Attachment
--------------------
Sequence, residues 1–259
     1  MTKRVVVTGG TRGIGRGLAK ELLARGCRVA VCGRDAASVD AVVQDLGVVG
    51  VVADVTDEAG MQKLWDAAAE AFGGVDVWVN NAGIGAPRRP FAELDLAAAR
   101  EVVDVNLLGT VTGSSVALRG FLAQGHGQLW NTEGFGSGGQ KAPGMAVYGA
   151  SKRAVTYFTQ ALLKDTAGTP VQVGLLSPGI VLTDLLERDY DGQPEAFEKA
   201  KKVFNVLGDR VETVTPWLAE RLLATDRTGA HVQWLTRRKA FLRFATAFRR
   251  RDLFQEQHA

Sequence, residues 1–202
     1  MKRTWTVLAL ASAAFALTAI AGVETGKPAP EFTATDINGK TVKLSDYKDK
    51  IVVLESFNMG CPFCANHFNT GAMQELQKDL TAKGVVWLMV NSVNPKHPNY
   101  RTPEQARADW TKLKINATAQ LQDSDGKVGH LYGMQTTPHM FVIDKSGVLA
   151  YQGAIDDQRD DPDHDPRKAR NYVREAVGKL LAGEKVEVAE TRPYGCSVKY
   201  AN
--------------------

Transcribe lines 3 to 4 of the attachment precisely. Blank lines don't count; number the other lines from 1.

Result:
    51  VVADVTDEAG MQKLWDAAAE AFGGVDVWVN NAGIGAPRRP FAELDLAAAR
   101  EVVDVNLLGT VTGSSVALRG FLAQGHGQLW NTEGFGSGGQ KAPGMAVYGA